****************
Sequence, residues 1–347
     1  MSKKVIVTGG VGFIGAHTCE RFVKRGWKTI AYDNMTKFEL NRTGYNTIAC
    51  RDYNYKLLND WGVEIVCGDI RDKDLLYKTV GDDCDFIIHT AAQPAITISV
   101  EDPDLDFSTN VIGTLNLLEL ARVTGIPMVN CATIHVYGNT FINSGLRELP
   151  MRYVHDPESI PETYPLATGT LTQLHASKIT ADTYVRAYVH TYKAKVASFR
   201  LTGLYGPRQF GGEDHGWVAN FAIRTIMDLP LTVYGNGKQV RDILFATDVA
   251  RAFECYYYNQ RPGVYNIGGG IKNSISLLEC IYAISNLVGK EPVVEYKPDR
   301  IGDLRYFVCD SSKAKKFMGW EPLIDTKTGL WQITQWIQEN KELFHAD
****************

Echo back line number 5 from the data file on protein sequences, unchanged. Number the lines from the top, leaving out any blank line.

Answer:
   151  MRYVHDPESI PETYPLATGT LTQLHASKIT ADTYVRAYVH TYKAKVASFR